The 6 Challenges to Successfully Deploying Problem-Solving Capabilities and How to Mitigate Them


    In recent weeks, a number of people across my network have shared their aspirations to create a culture of continuous improvement; a key element of this is the successful deployment of problem-solving capability at each level of the organisation. Achieving this may not be as straightforward as one would expect. In this article, I will share some of the key challenges I have seen and some of the solutions available.


    1. Cultural differences across the organisation

    A key challenge to problem-solving is the transparency required in order to identify problems. Not every culture finds this comfortable. The key here is to ensure that senior leaders are supportive of the new problem-solving mentality and approach and that managers promote the right behaviours.



    For problem-solving to be successful, we must measure the right things, make them visual and act quickly. Senior Managers must promote the right behaviours to make this happen.

    2. Multiple geographical locations of individuals and teams

    It is now common to have teams split across various locations with little face-to-face interaction. This adds a layer of complexity when it comes to learning the problem-solving process both from a training and coaching perspective. eLearning is a great solution which can be accessed whenever required by an individual to learn the problem-solving methodology and the tools required from wherever they are. Following this initial learning course, a problem-solving workshop could be accessed remotely by multiple problem-solving team members across the organisation using a video conferencing platform.

    Remote one-to-one coaching ideally would be given via video conferencing to support the ‘problem owners’ who would be learning by doing, completing a standardised problem-solving template as they progress.

    3. Having the time to solve problems

    Organisations often struggle with creating the headspace and time required to invest in problem-solving. It is rare that we plan dedicated improvement time for employees which means we need to take from our productive time. This means that there is a constant conflict between time to complete our core work, vs. time to solve existing problems and improve performance.

    If every employee had 1 hour per week dedicated to improvement, imagine the benefits that could be achieved.

    4. Different problem-solving methods used across the organisation

    There are multiple methodologies available for problem-solving. In order for an organisation to promote problem-solving effectively it is necessary to standardise the approach, the tools and techniques, the templates and the learning materials. This way everyone is able to speak the same language and collaborate efficiently.

    In order to solve problems efficiently, it is important to agree on one problem-solving methodology and on one standard set of terminology for the whole organisation to use and understand.

    5. Differing levels of problem-solving maturity in different parts of the organisation

    Problem-solving is one of the only improvement methodologies which is relevant to any department and any level of the organisation. We do however need to tailor training materials for the learners to be able to relate the approach to their workplace.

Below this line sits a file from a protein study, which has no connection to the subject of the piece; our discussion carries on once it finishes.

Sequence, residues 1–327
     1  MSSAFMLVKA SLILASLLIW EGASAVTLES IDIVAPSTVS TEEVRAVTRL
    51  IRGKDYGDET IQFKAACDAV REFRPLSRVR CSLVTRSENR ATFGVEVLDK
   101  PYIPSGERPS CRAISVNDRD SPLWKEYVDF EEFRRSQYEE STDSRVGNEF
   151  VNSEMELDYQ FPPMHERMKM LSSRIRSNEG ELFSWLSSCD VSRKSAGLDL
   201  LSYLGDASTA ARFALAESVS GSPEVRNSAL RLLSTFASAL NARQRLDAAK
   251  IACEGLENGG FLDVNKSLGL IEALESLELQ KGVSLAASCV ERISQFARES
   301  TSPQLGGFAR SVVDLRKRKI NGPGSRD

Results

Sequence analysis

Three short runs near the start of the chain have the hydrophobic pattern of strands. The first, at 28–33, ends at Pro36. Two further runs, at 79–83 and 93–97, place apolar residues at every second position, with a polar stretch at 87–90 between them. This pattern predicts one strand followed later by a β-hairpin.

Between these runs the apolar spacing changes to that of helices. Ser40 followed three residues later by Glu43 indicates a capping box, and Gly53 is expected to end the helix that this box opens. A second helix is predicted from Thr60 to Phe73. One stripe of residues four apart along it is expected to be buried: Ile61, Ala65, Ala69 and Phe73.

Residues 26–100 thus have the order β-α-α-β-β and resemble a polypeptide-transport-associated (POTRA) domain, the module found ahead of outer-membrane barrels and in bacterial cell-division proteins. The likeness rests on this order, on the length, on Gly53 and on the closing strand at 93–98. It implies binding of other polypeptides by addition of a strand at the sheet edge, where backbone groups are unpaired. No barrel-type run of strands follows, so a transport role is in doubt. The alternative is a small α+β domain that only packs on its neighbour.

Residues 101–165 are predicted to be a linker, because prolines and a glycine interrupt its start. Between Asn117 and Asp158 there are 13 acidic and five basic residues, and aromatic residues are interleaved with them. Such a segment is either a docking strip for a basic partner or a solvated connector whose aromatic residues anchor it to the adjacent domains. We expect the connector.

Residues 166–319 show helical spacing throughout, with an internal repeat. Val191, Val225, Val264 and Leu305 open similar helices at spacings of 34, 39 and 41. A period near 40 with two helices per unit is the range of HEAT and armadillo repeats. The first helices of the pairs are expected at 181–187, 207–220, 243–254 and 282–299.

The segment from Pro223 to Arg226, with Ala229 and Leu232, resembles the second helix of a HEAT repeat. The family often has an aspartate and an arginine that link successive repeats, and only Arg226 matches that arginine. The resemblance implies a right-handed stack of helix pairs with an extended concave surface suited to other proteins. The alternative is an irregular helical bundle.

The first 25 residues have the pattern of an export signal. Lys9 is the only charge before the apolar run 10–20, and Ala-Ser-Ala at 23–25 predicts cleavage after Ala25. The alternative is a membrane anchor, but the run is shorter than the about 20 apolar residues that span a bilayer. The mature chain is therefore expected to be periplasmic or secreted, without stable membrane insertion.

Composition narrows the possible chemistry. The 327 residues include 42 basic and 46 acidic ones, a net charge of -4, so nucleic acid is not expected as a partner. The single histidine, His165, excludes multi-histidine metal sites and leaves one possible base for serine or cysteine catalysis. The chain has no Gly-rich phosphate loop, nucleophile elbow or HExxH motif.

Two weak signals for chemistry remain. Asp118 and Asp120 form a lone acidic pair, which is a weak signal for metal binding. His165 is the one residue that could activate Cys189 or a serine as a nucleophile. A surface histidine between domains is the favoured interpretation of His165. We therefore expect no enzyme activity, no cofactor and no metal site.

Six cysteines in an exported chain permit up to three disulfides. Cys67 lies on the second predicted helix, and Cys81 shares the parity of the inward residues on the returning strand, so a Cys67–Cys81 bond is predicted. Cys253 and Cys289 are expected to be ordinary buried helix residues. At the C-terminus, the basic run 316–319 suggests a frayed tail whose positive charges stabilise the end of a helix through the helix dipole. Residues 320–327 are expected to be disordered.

When learning the problem-solving methodology and tools, learners should be exposed to relevant case studies that will match their working environment.

    6. Lack of opportunity to apply recent problem-solving learning

    Delivering learning needs to be synched with the need for solving a business challenge so that the individual is enabled to practically use the new learning and develop competence. There are ways in which we can expose employees to the problem-solving process quickly and effectively as well as bring a group of employees together to solve problems.

    E-learning for example is a great solution for just-in-time learning on problem-solving methodology and tool set. It can be accessed remotely as and when required. Video conferencing platforms can also be used for hosting problem-solving workshops to bring together a group of colleagues in a short time frame.

    eLearning can be accessed just in time so individuals can learn the problem-solving process just before attending a workshop designed to help them solve a recently identified problem.

    In conclusion

    More than ever problem-solving remains a key improvement tool which can enable huge performance improvement. Ideally organisations will possess problem-solving capability at all levels and the methodology and tools will be used as the daily norm.

    Whenever you are looking at deploying problem-solving capability within your organisation, bear in mind that to be successful, you will need to ensure that your Senior Management Team promotes transparency and that the organisation invests in the time required to solve problems at all levels of the hierarchy.

    Standardisation of the problem-solving methodologies used is another key element to consider as having multiple methodologies and terminology can confuse people when working together. Finally, don’t underestimate the importance of just-in-time learning and of using the right technology to enable remote learning and collaboration between your different departments and geographical locations. Find out more about our approach to problem-solving.

    6 Challenges & Solution Chart
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    Ryan King

    Ryan is a Managing Partner at Reinvigoration. He has a passion for supporting organisations to define strategies for developing operational excellence enterprisewise. You can get in touch with him directly by Email or connect on LinkedIn.


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